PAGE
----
Surgeries cost far more at hospitals in networks vs. independent facilities, study finds

The prices for surgical procedures at hospitals in networks are far higher than at independent hospitals, according to research published in JAMA Network Open.

Six details:

1. For 15 of the 16 surgical procedures analyzed in the study — including shoulder arthroscopy with cartilage removal, diagnostic colonoscopy and prostatectomy — the median negotiated price was significantly higher at hospitals within networks compared with independent hospitals, according to the study.

2. The median price for shoulder arthroscopy was 1.68 times higher at hospitals within networks compared with independent hospitals ($4,432 versus $2,643). 

3. Researchers found significant variation in negotiated prices for each of the 16 procedures. The median price for prostatectomy was $9,567 at facilities in hospital networks and $8,601 at independent facilities.

4. The study comes on the heels of a Feb. 6 report that found only 24.5 percent were compliant with federal price transparency rules, with many of the country's largest health systems having no compliant hospitals.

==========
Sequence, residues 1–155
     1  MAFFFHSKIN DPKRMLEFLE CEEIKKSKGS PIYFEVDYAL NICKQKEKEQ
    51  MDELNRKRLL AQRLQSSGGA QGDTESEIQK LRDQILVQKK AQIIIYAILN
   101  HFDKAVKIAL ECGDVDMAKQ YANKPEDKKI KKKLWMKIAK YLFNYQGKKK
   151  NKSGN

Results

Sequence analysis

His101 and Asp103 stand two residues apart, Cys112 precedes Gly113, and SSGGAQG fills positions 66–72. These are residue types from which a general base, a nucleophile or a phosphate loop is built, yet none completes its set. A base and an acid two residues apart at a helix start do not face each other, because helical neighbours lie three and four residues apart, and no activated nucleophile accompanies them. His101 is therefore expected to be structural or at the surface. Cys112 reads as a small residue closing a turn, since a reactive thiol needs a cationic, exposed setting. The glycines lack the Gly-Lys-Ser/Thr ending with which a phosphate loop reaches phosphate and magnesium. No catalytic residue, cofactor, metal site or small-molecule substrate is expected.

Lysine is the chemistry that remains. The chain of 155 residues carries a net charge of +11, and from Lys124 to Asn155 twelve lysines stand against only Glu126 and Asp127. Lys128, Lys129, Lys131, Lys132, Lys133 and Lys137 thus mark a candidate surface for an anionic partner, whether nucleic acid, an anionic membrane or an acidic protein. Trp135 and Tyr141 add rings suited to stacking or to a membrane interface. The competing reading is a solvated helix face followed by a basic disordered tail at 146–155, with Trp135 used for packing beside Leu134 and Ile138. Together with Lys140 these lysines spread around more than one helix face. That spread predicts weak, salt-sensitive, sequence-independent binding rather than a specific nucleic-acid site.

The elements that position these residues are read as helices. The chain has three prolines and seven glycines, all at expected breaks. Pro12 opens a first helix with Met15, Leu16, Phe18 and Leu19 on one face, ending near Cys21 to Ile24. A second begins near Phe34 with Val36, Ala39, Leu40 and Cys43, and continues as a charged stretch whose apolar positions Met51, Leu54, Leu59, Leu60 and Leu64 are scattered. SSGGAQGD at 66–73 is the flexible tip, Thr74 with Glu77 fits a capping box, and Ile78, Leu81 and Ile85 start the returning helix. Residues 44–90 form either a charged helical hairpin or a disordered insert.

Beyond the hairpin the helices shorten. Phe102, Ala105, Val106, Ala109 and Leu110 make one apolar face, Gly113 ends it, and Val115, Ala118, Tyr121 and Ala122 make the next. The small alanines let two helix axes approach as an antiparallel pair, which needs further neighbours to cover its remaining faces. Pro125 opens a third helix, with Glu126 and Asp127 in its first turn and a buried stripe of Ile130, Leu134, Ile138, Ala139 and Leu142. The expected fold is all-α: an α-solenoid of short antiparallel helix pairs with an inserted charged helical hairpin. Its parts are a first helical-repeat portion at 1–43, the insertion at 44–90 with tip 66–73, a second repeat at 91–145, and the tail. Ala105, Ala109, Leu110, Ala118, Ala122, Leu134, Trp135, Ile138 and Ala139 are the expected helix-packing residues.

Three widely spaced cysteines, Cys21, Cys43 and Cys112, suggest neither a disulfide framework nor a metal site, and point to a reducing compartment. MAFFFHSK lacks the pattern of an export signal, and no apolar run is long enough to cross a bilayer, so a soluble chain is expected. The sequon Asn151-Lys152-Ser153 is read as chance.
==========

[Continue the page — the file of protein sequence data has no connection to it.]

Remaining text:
5. It remains unclear exactly how negotiated rates differ across hospitals within networks versus independent ones. "On one hand, facilities within hospital networks may have greater market share, allowing them to negotiate higher rates with payers," according to study authors. "On the other hand, being part of a network may allow for economies of scale, where large networks provide services at lower prices."

6. Researchers examined 3,195 hospitals' negotiated prices through the Turquoise Health Database, which aggregates price data published by hospitals in accordance with the price transparency rule.

Click here for more details on the study.

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